By Luke Nix

While We All Want to Believe That We Are Committed to Truth Rather Than A Narrative, Our Actions In Conversation—How We Mistreat Evidence, Mischaracterize Opposing Views And Arguments, And Attack The Challenger Rather Than The Challenge—Often Tell A Different Story.” Luke Nix

Finding Common Ground In A Time of Stark Division

The Importance of Recognizing Common Ground

In these times of stark division, it is important that we not allow our disagreements to ultimately result in the destruction of our unity as a society, culture, and Church. There is nothing wrong with a society having a diversity of ideas, as long as those ideas are discussed and debated respectfully. When the wrong ideas are identified, such a respectful dialog can result in the dismissal of false ideas and the acceptance of true ideas. This is progress. Progress towards the objective goal of a society that has and lives according to the view of reality as it actually is and not some delusion.

However, many times discussion is stifled because we do not recognize common ground with those in which we disagree. When we possess and recognize common ground, we have a connection to maintain a healthy relationship when we have stark disagreements and rigorously debate which view (if either) accurately reflect reality. Today I want to point out six different things that we all hold in common that, if recognized by even one side, can help keep relationships healthy despite disagreements.

The Image of God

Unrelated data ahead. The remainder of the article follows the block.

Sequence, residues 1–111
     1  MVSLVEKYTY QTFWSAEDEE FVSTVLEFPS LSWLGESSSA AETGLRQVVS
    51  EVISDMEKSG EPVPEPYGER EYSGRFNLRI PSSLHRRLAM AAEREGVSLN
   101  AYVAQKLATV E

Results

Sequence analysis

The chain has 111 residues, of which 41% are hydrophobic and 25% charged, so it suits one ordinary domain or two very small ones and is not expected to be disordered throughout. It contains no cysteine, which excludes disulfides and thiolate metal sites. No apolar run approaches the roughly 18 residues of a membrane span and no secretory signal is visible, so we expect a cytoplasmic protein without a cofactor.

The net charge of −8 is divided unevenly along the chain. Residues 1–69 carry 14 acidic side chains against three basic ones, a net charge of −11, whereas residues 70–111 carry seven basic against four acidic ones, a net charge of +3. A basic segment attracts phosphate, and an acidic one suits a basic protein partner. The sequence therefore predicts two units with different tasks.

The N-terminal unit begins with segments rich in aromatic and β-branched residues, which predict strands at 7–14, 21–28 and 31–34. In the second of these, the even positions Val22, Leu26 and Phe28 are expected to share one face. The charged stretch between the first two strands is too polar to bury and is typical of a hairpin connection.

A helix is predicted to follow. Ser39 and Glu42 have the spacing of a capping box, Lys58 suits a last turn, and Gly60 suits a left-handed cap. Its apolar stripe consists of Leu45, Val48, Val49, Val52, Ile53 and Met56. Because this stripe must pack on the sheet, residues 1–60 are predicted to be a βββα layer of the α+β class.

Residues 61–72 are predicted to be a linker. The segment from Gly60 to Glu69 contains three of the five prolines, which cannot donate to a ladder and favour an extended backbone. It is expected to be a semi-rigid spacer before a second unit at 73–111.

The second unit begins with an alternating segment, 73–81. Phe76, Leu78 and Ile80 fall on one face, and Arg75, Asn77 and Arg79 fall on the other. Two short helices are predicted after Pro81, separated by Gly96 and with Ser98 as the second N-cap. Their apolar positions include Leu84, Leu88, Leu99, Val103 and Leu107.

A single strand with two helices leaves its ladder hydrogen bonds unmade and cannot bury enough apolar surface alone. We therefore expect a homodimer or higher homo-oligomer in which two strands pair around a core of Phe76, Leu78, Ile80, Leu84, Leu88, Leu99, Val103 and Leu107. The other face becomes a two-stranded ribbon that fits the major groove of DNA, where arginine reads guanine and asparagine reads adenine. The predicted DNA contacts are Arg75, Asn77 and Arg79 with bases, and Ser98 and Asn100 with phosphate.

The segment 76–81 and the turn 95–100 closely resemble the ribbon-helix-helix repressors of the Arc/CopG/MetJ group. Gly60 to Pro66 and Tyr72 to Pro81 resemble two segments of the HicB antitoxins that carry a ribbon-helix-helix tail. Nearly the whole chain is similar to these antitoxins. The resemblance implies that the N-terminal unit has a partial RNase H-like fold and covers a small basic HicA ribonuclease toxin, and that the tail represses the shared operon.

We are all created in the Image of God, thus we are all intrinsically, equally valuable. No matter how strongly we disagree with the other person, they ultimately have just as much value as we do and are worthy of our love and respect. No matter how disrespectful or unloving they are in their discussion or behavior towards us or others, this value remains in tact and stands as a reminder to us that a disrespectful or unloving posture towards them is never justified. We must remember that behind every challenge is a challenger. The challenge must be dealt with logically and evidentially, but the challenger must be addressed lovingly and respectfully.

Our Sinfulness

We are all sinners that have fallen short of God’s objective, moral standard, thus there will be evil committed by people against people. While we are all created in God’s Image and possess intrinsic and equal value, this does not mean that any of us is perfect. People will offend us. We will offend others. People will deeply hurt us, and we will deeply hurt others. People will sin against us, and, yes, we will sin against others. It is important to recognize that we will all fail and must treat each other, even those with whom we disagree, with the grace and forgiveness that we would like to be treated  when we sin. And if we expect others to humbly accept correction, then we must also humbly accept correction when we make mistakes.

Christ’s Forgiveness

We are all sinful, but we are all loved by our morally perfect Creator. Jesus died and rose from the dead so that all people could receive the forgiveness necessary so that we can spend eternity with our Creator and each other. We are all in this same boat. No person needs Christ’s forgiveness any more or less than another; no person deserves Christ’s forgiveness any more or less than another, but every person must accept Christ’s forgiveness. We are all equally in need of forgiveness, and as long as we are still alive, Christ’s forgiveness is available. Thus we should never condemn another to hell because of their current worldview or moral position. Rather we should prayerfully pursue persuasion with evidence, logic, love, gentleness, and respect.

Our Fear